EHRs too inauthentic to be relied on in court

Tools

Electronic health records are too variable to be reliable or authentic and should be tested before being used in evidentiary proceedings, according to an article in the Ava Maria Law Review, a publication of the Naples-Florida-based Ava Maria School of Law.

The article, "Electronic Health Records Systems: Testing the Limits of Digital Records' Reliability and Trust," notes that the HITECH Act does not address whether EHR information originates from a reliable and trustworthy source, and may need "special treatment" when called upon to support business requirements in legal proceedings.

For instance, since EHRs are used as much for securing payment as for documenting clinical information, they are used for "gaming" the system and creating false representations in the record, according to the article's authors. They also lack standardization, are easy to manipulate and are subject to "auto-spoliation."

Misplaced reliance on inauthentic medical records has implications beyond their admissibility in court. Inaccurate record keeping compromises the medical record and can lead to adverse patient care. Concern also has been increasing regarding the use of EHRs to distort documentation in order to defraud the Medicare and Medicaid programs.

Although EHRs appear to be accurate and complete, due to their "unusual" nature they are rife with errors and alterations, the authors write. As a result, they are not reliable business records management systems and don't meet the requirements of the Federal Rules of Evidence.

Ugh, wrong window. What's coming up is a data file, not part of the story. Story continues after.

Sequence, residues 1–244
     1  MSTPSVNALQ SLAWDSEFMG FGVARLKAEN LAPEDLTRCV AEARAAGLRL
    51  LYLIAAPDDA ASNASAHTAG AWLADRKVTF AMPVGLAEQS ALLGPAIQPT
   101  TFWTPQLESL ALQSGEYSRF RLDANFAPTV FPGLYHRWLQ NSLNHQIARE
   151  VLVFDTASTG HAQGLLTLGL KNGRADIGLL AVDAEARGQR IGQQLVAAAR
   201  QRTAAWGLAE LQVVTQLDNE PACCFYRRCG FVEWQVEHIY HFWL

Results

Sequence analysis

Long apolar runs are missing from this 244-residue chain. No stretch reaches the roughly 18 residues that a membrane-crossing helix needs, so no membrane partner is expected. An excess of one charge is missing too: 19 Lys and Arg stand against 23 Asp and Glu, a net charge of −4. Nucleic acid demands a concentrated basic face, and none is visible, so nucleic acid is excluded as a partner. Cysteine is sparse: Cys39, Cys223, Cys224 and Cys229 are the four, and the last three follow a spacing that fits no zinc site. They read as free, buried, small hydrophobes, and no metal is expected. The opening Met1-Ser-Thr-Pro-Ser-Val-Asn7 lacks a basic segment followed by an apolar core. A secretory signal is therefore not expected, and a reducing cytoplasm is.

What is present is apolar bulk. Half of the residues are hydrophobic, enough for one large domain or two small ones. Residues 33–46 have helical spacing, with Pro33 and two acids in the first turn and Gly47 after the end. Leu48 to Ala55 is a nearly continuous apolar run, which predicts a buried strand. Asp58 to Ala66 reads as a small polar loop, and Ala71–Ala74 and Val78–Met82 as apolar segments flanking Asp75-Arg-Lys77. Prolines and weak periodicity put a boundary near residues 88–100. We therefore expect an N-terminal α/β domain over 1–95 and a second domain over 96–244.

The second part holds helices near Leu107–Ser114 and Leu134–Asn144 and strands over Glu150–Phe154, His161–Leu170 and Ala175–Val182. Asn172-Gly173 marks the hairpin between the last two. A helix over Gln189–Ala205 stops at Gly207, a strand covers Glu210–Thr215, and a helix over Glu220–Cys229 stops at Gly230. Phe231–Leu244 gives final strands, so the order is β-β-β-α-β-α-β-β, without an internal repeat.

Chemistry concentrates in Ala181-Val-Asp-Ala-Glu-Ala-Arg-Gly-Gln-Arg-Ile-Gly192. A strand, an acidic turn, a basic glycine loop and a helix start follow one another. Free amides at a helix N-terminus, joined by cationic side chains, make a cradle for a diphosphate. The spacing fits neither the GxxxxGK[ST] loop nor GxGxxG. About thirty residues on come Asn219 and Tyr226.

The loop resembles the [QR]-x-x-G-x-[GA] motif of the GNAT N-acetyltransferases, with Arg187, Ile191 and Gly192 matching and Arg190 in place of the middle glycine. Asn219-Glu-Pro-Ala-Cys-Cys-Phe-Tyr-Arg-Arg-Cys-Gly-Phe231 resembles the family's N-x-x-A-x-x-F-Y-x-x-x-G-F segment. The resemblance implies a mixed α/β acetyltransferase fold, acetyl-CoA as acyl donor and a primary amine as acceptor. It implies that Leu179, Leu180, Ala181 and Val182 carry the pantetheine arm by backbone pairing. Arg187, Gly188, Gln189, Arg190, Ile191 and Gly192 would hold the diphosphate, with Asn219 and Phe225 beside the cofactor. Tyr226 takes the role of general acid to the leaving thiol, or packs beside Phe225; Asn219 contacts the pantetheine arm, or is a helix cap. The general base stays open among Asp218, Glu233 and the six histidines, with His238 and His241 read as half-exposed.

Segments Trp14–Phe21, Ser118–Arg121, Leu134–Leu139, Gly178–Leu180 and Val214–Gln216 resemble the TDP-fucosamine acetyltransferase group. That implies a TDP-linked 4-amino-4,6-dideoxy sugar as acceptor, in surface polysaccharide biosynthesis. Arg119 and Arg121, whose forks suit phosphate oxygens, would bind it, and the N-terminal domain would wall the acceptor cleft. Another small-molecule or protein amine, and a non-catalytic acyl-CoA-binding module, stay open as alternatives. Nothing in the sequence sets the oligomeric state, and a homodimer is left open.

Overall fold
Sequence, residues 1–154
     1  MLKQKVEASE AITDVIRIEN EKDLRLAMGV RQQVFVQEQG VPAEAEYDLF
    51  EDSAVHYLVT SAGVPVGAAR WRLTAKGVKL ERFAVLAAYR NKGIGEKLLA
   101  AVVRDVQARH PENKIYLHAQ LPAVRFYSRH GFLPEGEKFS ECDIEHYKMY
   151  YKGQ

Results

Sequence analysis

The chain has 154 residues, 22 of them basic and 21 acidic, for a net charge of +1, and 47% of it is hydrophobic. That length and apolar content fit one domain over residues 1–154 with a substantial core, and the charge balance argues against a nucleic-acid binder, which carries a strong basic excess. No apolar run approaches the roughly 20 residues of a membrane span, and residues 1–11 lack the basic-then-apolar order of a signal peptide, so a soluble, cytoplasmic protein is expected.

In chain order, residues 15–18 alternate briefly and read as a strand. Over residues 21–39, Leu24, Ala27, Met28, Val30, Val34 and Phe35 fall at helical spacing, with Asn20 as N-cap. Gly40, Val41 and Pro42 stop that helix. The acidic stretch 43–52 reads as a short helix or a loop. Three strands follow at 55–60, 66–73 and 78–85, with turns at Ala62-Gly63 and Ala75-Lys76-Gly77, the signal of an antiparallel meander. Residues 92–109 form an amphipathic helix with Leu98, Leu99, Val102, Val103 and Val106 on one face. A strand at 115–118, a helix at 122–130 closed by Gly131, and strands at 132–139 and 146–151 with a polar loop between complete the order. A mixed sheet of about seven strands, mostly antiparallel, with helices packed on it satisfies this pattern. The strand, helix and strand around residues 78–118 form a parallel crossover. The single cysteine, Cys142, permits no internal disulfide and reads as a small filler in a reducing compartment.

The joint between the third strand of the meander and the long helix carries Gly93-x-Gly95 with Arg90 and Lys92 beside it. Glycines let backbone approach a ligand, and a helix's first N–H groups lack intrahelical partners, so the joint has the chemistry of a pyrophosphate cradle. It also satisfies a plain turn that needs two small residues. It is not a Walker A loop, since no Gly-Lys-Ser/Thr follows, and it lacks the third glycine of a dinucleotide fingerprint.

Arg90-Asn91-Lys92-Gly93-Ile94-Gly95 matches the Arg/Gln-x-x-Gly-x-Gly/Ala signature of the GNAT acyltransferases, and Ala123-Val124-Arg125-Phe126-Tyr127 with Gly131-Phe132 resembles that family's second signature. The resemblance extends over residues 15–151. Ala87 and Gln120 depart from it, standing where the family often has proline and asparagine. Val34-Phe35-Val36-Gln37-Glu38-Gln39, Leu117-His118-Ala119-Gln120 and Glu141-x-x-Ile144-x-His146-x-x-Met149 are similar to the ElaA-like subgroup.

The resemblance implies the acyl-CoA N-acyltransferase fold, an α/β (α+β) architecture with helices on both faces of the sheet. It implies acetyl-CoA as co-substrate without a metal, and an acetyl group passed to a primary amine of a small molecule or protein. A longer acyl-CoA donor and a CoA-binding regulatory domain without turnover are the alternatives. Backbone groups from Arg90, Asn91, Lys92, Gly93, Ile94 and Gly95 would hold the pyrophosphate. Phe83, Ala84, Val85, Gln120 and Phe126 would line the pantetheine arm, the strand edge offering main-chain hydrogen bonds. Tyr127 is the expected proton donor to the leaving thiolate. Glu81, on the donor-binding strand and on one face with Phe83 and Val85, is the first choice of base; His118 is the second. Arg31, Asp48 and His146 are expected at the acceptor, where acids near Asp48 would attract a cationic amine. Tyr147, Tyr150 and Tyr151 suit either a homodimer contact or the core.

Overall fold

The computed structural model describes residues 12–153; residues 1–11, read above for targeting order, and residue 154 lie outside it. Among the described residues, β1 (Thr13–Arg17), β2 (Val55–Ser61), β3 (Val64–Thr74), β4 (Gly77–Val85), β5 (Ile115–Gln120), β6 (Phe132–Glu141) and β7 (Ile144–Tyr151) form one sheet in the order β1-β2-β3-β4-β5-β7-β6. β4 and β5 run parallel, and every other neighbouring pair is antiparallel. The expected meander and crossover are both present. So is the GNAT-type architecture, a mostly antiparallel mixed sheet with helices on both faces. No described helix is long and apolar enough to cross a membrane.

"Currently there are no regulatory health information technology requirements or Federal HIT program qualifications for these systems that assure, or reference, their fitness as business or clinical records," the authors write. "While some regulatory reference exists to supportive functions, such as 'audit trails,' at this writing, their use is not required in deployed systems, meaning that evidentiary non-reliability will persist as a challenge to e-Discovery and to all business record-supported or dependent processes in the healthcare industry for a long time."

To learn more:
- read the law review article (.pdf)

Related Articles:
EHR billing fraud: More than a numbers game
OIG's 2014 work plan steps up scrutiny of EHRs
Do EMRs make it too easy to fudge documentation?
EHR fraud prevention: What providers and payers must know